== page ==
Saturday, September 27, 2008


With now dreary familiarity the Irish Times Magazine is peddling yet more lifestyle mumbo-jumbo as fact in an interview that is basically a plug for a book - 'How to Quit Without Feeling Shit', another new book by Patrick Holford.

In an article devoid of any skepticism, the stand out quote is "The conventional understanding of nutrition is that you need sugar for energy, and protein to build muscle, and you don't need fat", which is complete horse-shit. Who, with even a passing knowledge of nutrition, thinks in terms of needing 'sugar for energy'?

The article gives the game away by later saying 'when GI (Glycaemic Index) diets became popular a few years ago, Holford came up with the term "glycaemic load", which he believes is a more accurate way of ensuring you eat the carbohydrate foods that release energy slowly' as if Holford is somehow responsible for introducing a concept that has actually been understood for a couple of decades. It's complete nonsense.

Patrick Holford is, of course, a complete charlatan. Read how he dodged a BBC Radio 4 programme earlier this year entitled The Rise of the Lifestyle Nutritionist.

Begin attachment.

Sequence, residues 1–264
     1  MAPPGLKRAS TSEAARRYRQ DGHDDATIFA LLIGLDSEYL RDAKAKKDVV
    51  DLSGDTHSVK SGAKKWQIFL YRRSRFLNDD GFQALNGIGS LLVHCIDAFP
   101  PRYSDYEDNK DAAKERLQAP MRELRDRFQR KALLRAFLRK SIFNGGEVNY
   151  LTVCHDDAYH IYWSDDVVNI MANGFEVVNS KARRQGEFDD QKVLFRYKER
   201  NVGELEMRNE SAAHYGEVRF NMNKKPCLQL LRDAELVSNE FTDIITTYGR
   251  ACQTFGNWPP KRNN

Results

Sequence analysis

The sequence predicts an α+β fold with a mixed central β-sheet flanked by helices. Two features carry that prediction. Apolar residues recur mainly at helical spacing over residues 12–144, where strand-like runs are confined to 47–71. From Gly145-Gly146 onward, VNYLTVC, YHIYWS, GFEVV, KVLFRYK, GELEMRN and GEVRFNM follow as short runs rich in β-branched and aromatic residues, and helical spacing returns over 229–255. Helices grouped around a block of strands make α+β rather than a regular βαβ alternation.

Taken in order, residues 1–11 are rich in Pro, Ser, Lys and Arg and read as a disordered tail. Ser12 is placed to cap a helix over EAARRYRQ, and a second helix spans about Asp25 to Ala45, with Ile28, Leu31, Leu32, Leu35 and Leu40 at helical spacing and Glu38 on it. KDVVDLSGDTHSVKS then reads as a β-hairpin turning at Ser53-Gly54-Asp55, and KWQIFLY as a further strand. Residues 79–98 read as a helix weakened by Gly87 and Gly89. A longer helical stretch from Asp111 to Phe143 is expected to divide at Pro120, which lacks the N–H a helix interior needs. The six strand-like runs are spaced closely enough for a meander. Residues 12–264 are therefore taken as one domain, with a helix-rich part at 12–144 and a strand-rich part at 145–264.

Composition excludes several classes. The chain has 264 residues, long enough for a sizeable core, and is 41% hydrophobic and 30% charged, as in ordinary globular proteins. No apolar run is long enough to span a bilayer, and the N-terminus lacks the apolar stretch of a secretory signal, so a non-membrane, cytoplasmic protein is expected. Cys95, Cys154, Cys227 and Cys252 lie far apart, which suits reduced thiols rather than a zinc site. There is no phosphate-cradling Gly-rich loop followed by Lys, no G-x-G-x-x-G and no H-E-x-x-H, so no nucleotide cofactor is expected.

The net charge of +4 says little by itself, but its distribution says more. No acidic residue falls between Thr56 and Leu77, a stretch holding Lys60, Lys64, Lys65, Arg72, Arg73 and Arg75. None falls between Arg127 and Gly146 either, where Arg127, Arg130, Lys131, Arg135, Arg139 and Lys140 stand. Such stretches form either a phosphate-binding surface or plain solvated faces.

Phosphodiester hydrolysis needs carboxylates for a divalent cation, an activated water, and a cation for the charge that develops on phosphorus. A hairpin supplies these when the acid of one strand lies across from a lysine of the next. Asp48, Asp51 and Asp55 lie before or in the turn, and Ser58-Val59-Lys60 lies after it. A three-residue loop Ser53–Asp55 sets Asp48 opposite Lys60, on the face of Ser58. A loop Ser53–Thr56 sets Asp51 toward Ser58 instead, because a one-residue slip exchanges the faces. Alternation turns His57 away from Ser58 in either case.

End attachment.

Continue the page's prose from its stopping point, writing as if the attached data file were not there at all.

Read how the British Advertising Standards Authority slapped Holford down for making unsubstantiated claims such as "If you eat a balanced diet you get all the vitamins and minerals you need.’ WRONG!” while advertising another book and his pills.

Read about the QLink Pendant sold by Holford whose inventor has 'always been clear the QLink does not use electronics components "in a conventional electronic way"', apparently.

And, lest you be in any doubt, Holford is a man who once made the statement “I have never made this claim [that vitamin C was more effective in treating Aids than the ARV medication, AZT]. What I have said in the latest edition of my book, the New Optimum Nutrition Bible… is that ‘AZT, the first prescribable anti-HIV drug, is potentially harmful and proving less effective than vitamin C’.” For real.

Just how much money does the Irish Times make from its advertorials in its Saturday magazine?
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